Downsizing and the absence of a mitigation strategy can no longer ensure a company’s survival
The cost per unit has grown approximately six times more between 2020 and 2021 than the average annual cost growth between 2013 and 2019, according to BDC’s new study How to cope with inflation and remain profitable. Moreover, 65% of Canadian companies have felt the negative impact of the rising cost of doing business.
Inflation should return closer to its target, but population aging, the energy transition and global geopolitical issues will continue to exert pressure on costs. The BDC study sounds the alarm: to ensure their survival, Canadian SMEs must prioritize their profitability in order to adapt to the new environment.
“We’re not going backwards; the business environment is changing, and small businesses may be tempted to postpone their strategic thinking or certain investments to support their long-term survival,” says Pierre Cléroux, Vice President, Research and Chief Economist at BDC. “Downsizing and the absence of a mitigation strategy can no longer ensure a company’s survival”.
In order to boost SME growth and the competitiveness of the Canadian economy, BDC looked at what SMEs are doing to cope with rising costs. The bank then estimated the impact of these actions on company performance in terms of revenue growth, outperformance relative to the sector and profitability.
“With the rising price of carbon and increasing labour costs, it’s not surprising to see what strategies have been put forward to ensure profitability; in fact, business owners have had no choice but to implement them to remain profitable,” adds Cléroux.
The three strategies that entrepreneurs use most often and that have proven most successful are:
- Using technology to modernize processes (25%), which improves business efficiency and helps revenue growth outpace rising costs;
- Reducing the carbon footprint (14%), which helps with cutting energy costs, improving efficiency and reaching a wider market;
- Proactive cost management (12%), which enables regular monitoring of financial performance to optimize costs and revenues.
“Nearly 20% of businesses that have implemented at least one winning strategy show above-average growth for their sector; it’s clear that investing to support revenue growth is a strategy that delivers results,” adds Cléroux.
Upward pressure on certain costs will continue over the long term, driven by three major trends: an aging population, the green transition, and the effects of globalization on import-export. The BDC study presents the impact of these trends on small and medium-sized businesses:
- Over a third of companies (36%) cite labour costs as the main negative impact of rising costs. In comparison with others, companies that have laid off staff were 11% more likely to be unprofitable over the past year.
- The majority of SMEs (57%) expect climate change to increase their costs over the next three years. About 40% still believe their costs will not be affected. Businesses that have reduced their carbon footprint over the past three years are 7.7% more likely to have achieved strong growth over the past year than those that have not.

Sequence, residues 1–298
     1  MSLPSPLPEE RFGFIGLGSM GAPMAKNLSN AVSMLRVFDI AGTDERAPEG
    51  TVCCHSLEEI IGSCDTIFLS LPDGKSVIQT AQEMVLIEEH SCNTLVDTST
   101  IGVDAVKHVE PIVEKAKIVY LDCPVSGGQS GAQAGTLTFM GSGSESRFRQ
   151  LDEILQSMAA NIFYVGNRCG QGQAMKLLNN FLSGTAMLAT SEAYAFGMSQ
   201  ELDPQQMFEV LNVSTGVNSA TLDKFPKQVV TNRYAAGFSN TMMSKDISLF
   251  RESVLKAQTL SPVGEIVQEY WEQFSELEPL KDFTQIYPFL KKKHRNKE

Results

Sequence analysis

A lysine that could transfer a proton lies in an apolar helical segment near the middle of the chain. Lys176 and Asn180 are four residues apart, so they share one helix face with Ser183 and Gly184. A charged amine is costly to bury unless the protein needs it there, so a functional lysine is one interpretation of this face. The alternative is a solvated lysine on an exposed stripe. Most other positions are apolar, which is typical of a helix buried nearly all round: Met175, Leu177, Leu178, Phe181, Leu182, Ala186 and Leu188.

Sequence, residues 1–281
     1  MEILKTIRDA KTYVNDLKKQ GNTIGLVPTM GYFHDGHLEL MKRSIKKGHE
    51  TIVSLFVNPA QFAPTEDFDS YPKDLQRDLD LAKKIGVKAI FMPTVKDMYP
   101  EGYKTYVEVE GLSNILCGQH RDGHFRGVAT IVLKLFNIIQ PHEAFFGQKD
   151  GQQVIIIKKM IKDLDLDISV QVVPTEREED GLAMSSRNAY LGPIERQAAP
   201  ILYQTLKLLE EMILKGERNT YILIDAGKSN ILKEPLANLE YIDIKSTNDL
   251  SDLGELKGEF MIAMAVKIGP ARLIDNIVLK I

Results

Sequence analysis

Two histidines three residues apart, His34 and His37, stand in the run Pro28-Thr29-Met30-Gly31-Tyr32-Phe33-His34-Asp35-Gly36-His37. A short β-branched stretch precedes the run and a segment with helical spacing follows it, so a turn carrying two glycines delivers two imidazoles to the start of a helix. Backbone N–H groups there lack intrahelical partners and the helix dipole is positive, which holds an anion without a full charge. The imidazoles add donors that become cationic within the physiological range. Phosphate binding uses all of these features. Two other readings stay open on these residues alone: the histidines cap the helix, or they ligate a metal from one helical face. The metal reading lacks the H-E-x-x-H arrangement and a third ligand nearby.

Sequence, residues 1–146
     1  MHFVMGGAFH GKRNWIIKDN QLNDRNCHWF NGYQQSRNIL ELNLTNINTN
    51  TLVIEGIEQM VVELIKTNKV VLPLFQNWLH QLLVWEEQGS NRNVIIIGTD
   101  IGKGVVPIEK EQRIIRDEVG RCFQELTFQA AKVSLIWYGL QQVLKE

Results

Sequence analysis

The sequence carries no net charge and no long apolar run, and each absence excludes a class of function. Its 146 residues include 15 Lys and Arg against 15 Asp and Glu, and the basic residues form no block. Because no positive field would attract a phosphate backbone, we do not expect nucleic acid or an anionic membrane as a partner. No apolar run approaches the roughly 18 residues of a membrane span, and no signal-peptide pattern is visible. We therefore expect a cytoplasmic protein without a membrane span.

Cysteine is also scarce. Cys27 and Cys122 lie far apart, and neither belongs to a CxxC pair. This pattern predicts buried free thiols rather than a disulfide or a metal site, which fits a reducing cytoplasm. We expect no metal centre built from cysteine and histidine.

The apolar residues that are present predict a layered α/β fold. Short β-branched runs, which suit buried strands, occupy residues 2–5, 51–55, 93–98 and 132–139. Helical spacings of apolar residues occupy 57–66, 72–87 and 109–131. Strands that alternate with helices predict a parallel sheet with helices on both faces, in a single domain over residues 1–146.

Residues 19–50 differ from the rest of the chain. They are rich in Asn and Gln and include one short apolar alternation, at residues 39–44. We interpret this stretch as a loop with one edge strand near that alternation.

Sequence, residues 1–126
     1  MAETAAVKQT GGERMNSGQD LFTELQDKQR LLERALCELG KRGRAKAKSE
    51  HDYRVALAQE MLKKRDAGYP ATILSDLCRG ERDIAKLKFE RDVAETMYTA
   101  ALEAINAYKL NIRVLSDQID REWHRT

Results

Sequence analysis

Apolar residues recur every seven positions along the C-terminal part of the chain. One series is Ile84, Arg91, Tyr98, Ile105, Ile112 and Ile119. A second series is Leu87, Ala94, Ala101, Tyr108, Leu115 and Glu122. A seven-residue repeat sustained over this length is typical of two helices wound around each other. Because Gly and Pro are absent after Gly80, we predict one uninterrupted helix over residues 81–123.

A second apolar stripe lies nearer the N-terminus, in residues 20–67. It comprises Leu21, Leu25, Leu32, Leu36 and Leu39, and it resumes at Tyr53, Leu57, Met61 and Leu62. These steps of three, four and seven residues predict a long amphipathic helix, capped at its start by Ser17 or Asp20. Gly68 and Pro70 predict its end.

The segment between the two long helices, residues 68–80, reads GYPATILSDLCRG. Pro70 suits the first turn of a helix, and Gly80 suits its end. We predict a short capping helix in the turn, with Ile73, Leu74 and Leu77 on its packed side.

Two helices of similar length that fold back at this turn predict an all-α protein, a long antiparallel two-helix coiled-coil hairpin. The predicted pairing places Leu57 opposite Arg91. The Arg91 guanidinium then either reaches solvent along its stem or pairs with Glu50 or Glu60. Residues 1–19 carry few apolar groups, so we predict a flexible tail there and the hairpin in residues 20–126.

- Among SMEs engaged in international trade, 68% have already implemented a sourcing strategy to improve their resilience, but 79% expect this to increase their costs.
The BDC study also draws on analysis of data published by several organizations to establish an index of vulnerability to these three trends. This index shows that among the 10 most vulnerable sectors, nine are manufacturing sub-sectors. These sub-sectors are generally more exposed to the three main trends identified.
“Unsurprisingly, the manufacturing and transportation sectors have very high vulnerability indices. Manufacturers will have to invest in the resiliency of their value chain, in addition to addressing demographic and climate issues,” adds Cléroux. “The transportation sector may also experience increased cost pressures, as the truck driver shortage is expected to persist.”
Since the impact on the cost of doing business will inevitably depend on investment planning, the BDC study also offers advice and solutions to help a company preserve its profitability.
The BDC study is based on the analysis of an online survey of 1,500 Canadian SME owners conducted in winter 2023, as well as on public data and an econometric analysis.
As Canada’s bank for entrepreneurs, BDC is a partner of choice for all entrepreneurs looking to access the financing and advice they need to build their businesses and tackle the big challenges of our time. Our investment arm, BDC Capital, offers a wide range of risk capital solutions to help grow the country’s most innovative firms. We are one of Canada’s Top 100 Employers and Canada’s Best Diversity Employers. For more information on BDC’s products and services and to consult free tools, templates and articles, visit bdc.ca or follow BDC on social media.
SOURCE Business Development Bank of Canada